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Cable and the Specialization of Television Chapter 6.

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Presentation on theme: "Cable and the Specialization of Television Chapter 6."— Presentation transcript:

1 Cable and the Specialization of Television Chapter 6

2 Cable Breaks In Cable frustrated by broadcast – Growth stunted first twenty-five years HBO and WTBS help break in Rapid growth from the 1970s – 1977 = 14% penetration – 1985 = 46% – 2003 = 70% (declining since) Cable serves rural Cable serves niche

3 Devised by appliance store dealers and electronics firms, 1940s – Needed to get TV programming to rural, remote areas Built antenna relay towers in remote rural communities Ran wires to homes Cable Origins

4 First small cable systems In communities where mountains or tall buildings blocked broadcast signals Served 10 percent of U.S., with twelve channels Advantages: – No over-the-air interference – Increased channel capacity CATV: Community Antenna TV

5 Headend: computerized nerve center Downlinks program channels from satellite Relays programming through coaxial or fiber- optic cables attached to utility poles Signals run through drop lines into homes through converter boxes. Satellites – HBO and WTBS first networks to make use of satellites The Mechanics of Cable

6 Cable Threatens Broadcasting NAB resists cable. – Competition – Diminished local control – Frustrates local advertisers – Potential breakdown of network system Cable offers better quality image. Cable not owned by broadcasters. – Monopoly considerations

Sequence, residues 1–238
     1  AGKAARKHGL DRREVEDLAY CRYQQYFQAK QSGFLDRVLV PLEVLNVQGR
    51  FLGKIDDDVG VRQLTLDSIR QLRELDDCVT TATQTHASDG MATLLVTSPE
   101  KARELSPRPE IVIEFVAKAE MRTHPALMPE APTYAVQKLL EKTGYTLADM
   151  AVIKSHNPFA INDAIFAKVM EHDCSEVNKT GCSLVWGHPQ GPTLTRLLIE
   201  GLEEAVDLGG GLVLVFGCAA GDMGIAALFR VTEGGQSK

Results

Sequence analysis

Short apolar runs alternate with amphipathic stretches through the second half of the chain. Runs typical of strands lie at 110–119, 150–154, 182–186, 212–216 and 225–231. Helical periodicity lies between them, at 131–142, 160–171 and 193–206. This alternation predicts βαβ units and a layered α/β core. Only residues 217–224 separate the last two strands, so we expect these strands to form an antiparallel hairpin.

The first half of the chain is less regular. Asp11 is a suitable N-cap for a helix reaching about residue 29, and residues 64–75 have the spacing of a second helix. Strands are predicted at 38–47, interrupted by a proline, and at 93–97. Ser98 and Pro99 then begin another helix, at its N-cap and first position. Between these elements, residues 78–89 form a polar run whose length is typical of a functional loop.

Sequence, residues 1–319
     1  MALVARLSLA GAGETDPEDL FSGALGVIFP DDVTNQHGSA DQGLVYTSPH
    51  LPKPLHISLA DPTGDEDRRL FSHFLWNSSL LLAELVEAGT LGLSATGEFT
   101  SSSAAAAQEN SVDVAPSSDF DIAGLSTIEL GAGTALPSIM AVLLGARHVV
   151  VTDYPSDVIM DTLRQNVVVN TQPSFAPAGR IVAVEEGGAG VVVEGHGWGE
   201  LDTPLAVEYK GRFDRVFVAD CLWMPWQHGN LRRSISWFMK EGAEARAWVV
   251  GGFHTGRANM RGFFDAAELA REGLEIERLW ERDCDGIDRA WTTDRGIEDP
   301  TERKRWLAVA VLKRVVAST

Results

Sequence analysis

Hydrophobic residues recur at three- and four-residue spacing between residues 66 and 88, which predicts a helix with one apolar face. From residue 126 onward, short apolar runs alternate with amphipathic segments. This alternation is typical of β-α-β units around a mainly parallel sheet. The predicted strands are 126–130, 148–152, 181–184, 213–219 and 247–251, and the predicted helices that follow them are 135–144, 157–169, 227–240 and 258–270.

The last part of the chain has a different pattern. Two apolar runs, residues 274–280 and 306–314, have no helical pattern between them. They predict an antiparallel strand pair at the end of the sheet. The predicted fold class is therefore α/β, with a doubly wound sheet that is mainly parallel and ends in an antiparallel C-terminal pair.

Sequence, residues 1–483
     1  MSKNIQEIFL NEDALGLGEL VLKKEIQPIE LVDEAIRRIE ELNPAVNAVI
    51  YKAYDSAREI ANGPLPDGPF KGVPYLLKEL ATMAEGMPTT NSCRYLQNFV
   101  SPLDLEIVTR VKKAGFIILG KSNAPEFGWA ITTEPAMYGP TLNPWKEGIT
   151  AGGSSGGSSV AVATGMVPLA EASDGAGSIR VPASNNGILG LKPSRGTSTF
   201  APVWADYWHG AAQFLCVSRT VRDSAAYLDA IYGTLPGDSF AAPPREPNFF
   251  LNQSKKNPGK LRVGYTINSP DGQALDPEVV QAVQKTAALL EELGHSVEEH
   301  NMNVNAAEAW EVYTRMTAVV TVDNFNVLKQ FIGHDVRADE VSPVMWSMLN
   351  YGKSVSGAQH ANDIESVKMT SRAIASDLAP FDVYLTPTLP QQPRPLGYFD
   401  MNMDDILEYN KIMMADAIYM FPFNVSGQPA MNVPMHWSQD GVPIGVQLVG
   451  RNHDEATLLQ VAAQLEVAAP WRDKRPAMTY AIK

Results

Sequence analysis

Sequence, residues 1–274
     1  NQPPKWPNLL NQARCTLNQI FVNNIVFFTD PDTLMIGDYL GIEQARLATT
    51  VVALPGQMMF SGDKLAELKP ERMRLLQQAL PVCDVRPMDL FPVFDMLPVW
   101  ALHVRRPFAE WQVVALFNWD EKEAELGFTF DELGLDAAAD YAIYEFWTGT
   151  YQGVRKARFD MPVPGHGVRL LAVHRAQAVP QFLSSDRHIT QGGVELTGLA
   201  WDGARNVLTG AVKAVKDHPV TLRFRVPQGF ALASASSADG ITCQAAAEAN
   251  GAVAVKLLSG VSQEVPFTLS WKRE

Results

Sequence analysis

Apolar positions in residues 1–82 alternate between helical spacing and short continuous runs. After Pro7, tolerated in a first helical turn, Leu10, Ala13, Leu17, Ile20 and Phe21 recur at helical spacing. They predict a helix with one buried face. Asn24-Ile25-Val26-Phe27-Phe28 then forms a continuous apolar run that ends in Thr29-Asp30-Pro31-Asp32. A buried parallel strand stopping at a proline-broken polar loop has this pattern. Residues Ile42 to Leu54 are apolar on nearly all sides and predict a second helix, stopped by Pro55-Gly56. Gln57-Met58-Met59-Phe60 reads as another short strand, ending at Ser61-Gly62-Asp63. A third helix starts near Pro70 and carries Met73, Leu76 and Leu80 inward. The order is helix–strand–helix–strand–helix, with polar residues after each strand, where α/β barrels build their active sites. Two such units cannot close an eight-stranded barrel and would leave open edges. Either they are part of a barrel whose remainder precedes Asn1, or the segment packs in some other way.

7 Cable Regulations, 1972 Must-carry rules – Required cable operators to carry all local TV broadcasts – Local stations benefited from cables clearer reception. Limited number of distant commercial stations carried Mandate for public access channels and leased channels Electronic publishers vs. common carriers

8 Local communities awarded monopoly to selected cable company. – Late 1970s through early 1990s Franchises awarded by local municipalities and sometimes, state governments – Franchise fee: money the cable company would pay the city annually for the right to operate Opportunities for corruption in bidding – Example: Sammon Communication bid in Fort Worth, TX Franchising

9 1934 Communications Act insufficient By mid-1980s, most early cable regulations repealed. – Stimulated growth – Triggered rate increases 1992 act required must-carry rules or retransmission consent. – Broadcasters could ask cable companies for fees to carry their channels. New Rules Aid Cables Growth

10 The Growing Business of Cable In 1978, the cable industry employed about 23,000 people. By 2006, the cable industry employed over 137,000 people.

11 Telecommunications Act of 1996 First major change since 1934, finally incorporating cable under federal regulation Removed market barriers between phone companies, long-distance carriers, and cable operators Reaffirmed must-carry rules to protect local broadcasters

12 Merger Mania Buyouts among telephone, hardware, and cable – Companies claim mergers lead to innovations in programming, services, and technology. Risk of vertical monopoly – About 98 percent of American homes have only one choice for cable TV. – Rates have risen by 54 percent since 1996.